If you’ve been having trouble receiving text messages from iPhone users, Apple’s iMessage is probably at fault–especially if you recently switched from iPhone to Android, or something else.
An iPad makes a great “kiosk” device–a tablet restricted to one specific app for your home or small business. You can create a makeshift kiosk using the Guided Access feature, or enable Single App Mode for a true kiosk environment.
If you have notifications enabled, apps normally display your messages right on your lock screen. But you can hide the text of those messages without disabling the lock screen notifications entirely, allowing you to see you have a message while preventing people from reading those messages over your shoulder.
Windows comes with a bunch of services running in the background. The Services.msc tool allows you to view these services and disable them, but you probably shouldn’t bother. Disabling the default services won’t speed up your PC or make it any more secure.
Guided Access allows you to set a screen time limit on your iPhone or iPad. This is great if you have a child–they can only play games for as long as you choose. The iPhone or iPad will be automatically locked after the time limit expires.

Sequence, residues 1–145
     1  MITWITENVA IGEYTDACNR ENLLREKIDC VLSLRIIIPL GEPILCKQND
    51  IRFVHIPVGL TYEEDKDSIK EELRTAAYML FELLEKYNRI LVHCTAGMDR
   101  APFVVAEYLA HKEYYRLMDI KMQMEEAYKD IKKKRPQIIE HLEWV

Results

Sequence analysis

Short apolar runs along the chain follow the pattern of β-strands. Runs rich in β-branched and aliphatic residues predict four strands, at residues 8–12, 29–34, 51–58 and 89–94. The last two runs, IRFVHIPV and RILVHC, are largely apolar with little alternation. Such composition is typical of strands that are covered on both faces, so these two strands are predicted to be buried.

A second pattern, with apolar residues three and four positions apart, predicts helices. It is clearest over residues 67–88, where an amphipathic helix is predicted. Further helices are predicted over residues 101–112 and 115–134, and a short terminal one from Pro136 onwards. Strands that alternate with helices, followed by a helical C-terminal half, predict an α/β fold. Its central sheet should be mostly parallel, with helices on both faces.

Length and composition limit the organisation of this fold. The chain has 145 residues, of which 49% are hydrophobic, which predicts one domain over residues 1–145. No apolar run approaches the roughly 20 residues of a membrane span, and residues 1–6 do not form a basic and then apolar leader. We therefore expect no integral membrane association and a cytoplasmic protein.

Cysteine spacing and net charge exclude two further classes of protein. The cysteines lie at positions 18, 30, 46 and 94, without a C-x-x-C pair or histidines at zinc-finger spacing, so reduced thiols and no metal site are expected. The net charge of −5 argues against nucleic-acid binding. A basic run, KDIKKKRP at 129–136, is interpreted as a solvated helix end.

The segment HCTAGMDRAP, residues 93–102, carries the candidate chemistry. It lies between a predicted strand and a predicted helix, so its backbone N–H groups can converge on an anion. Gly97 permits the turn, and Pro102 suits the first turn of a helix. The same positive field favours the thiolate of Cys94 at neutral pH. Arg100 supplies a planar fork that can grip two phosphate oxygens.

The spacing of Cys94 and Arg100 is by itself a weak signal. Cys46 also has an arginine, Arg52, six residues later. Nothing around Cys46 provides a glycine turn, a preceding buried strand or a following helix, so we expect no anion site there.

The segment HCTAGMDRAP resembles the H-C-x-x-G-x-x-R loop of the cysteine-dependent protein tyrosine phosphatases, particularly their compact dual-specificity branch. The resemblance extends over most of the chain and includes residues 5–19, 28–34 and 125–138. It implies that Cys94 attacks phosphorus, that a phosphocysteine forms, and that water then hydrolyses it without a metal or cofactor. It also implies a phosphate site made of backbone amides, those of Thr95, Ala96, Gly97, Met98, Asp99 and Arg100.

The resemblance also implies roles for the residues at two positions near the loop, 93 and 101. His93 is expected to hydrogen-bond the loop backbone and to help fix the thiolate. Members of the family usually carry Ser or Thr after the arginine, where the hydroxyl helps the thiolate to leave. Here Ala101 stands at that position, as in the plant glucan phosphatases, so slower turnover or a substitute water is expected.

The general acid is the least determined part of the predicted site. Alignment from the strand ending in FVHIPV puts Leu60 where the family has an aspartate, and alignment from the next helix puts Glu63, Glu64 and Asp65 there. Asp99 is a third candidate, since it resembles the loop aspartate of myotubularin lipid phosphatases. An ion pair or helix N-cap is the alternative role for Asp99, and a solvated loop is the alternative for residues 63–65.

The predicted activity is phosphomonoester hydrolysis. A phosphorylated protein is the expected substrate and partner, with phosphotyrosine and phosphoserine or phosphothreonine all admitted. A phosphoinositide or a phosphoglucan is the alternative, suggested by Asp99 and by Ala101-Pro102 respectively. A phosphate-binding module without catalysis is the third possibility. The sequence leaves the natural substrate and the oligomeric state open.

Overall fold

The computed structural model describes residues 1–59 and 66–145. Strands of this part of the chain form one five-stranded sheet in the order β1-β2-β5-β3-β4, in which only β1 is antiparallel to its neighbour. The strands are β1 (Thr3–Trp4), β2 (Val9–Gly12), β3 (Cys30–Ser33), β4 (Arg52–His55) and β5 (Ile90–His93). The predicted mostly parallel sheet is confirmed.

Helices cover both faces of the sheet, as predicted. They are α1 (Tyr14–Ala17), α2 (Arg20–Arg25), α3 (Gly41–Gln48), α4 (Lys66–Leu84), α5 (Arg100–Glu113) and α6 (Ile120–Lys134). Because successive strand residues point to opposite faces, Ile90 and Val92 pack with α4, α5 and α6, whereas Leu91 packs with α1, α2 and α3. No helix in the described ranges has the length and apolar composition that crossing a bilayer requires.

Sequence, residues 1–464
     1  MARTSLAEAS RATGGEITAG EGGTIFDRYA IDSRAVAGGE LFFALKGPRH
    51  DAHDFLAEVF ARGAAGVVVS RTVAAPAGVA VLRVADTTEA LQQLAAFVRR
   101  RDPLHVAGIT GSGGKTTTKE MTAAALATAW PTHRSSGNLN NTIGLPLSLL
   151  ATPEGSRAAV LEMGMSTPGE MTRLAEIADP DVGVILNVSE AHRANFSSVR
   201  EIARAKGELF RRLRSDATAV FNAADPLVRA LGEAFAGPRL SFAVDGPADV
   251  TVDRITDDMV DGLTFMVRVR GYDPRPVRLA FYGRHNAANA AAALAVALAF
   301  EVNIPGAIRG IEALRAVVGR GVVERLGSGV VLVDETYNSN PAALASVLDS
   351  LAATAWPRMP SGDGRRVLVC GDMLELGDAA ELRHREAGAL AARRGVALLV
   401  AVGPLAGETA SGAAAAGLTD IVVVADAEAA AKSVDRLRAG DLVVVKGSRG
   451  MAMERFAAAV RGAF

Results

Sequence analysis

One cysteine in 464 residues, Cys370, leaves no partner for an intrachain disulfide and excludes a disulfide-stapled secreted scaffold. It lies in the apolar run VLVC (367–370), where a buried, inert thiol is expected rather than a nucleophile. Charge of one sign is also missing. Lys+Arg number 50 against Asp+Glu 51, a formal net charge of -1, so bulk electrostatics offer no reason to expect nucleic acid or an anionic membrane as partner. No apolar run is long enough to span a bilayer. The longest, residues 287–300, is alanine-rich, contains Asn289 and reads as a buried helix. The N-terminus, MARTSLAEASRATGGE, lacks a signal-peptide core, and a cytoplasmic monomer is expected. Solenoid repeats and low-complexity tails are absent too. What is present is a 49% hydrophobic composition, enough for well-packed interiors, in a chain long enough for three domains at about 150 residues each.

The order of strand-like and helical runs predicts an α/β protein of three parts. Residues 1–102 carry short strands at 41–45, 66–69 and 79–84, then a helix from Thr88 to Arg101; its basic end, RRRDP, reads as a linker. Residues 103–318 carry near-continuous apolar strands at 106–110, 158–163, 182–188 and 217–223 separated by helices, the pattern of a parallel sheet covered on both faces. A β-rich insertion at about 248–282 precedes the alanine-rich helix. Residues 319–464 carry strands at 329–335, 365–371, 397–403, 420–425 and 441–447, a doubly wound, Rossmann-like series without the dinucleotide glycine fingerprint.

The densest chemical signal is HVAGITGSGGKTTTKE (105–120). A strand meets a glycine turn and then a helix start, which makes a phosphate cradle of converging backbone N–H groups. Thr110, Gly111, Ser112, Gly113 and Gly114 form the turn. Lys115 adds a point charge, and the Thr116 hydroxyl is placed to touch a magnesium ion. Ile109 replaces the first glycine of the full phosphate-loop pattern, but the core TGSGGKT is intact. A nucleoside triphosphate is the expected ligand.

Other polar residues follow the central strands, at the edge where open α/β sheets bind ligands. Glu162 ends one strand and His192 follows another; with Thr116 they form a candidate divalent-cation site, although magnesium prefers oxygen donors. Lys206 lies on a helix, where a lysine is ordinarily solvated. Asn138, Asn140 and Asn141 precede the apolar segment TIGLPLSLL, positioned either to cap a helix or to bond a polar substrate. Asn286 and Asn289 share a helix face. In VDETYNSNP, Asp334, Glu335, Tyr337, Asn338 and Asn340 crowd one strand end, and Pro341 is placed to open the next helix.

Microsoft Office lets you encrypt your Office documents and PDF files, allowing no one to even view the file unless they have the password. Modern versions of Office use secure encryption that you can rely on–assuming you set a strong password.
Windows can’t normally read Mac-formatted drives, and will offer to erase them instead. But third-party tools fill the gap and provide access to drives formatted with Apple’s HFS+ file system on Windows. This also allows you to restore Time Machine backups on Windows.
Supervised Mode is intended for organizations, but you can enable it on your own iPhone or iPad. Supervised Mode gets you a few extra features like hiding included apps, and always-on VPNs.
Phones are private, full of personal data and messages. Guided Access allows you to share your iPhone with someone without being able to access that data–allowing them to look at photos, place a phone call, or play a game while your stuff stays hidden.
Ubuntu 16.04 LTS introduced “Snap” packages, which are a great new way of installing apps. Snaps require different terminal commands–apt-get and dpkg will only allow you to install .deb packages the old way, not Snaps.
Many iPhone and iPad games include banner ads that take up part of your screen. Accidentally tap the ad, and you’ll be ripped from the game and taken to another app, like the App Store or Safari. Enable iOS’ “Guided Access” and you won’t have this problem.
Ubuntu 16.04 LTS includes a long-awaited feature: You can now move the Unity desktop’s launcher to the bottom of your screen. It isn’t locked to the left side of your screen anymore. However, this option requires a terminal command or tweaking tool, as it isn’t offered in Ubuntu’s normal System Settings window.
Like Skyrim and other Bethesda games before it, modding is one of Fallout 4’s huge draws on the PC. But Fallout 4 and Steam don’t offer an easy, built-in way to install these mods. Thankfully, there’s a tool called Nexus Mod Manager that makes this easier, so you don’t have to do everything by hand.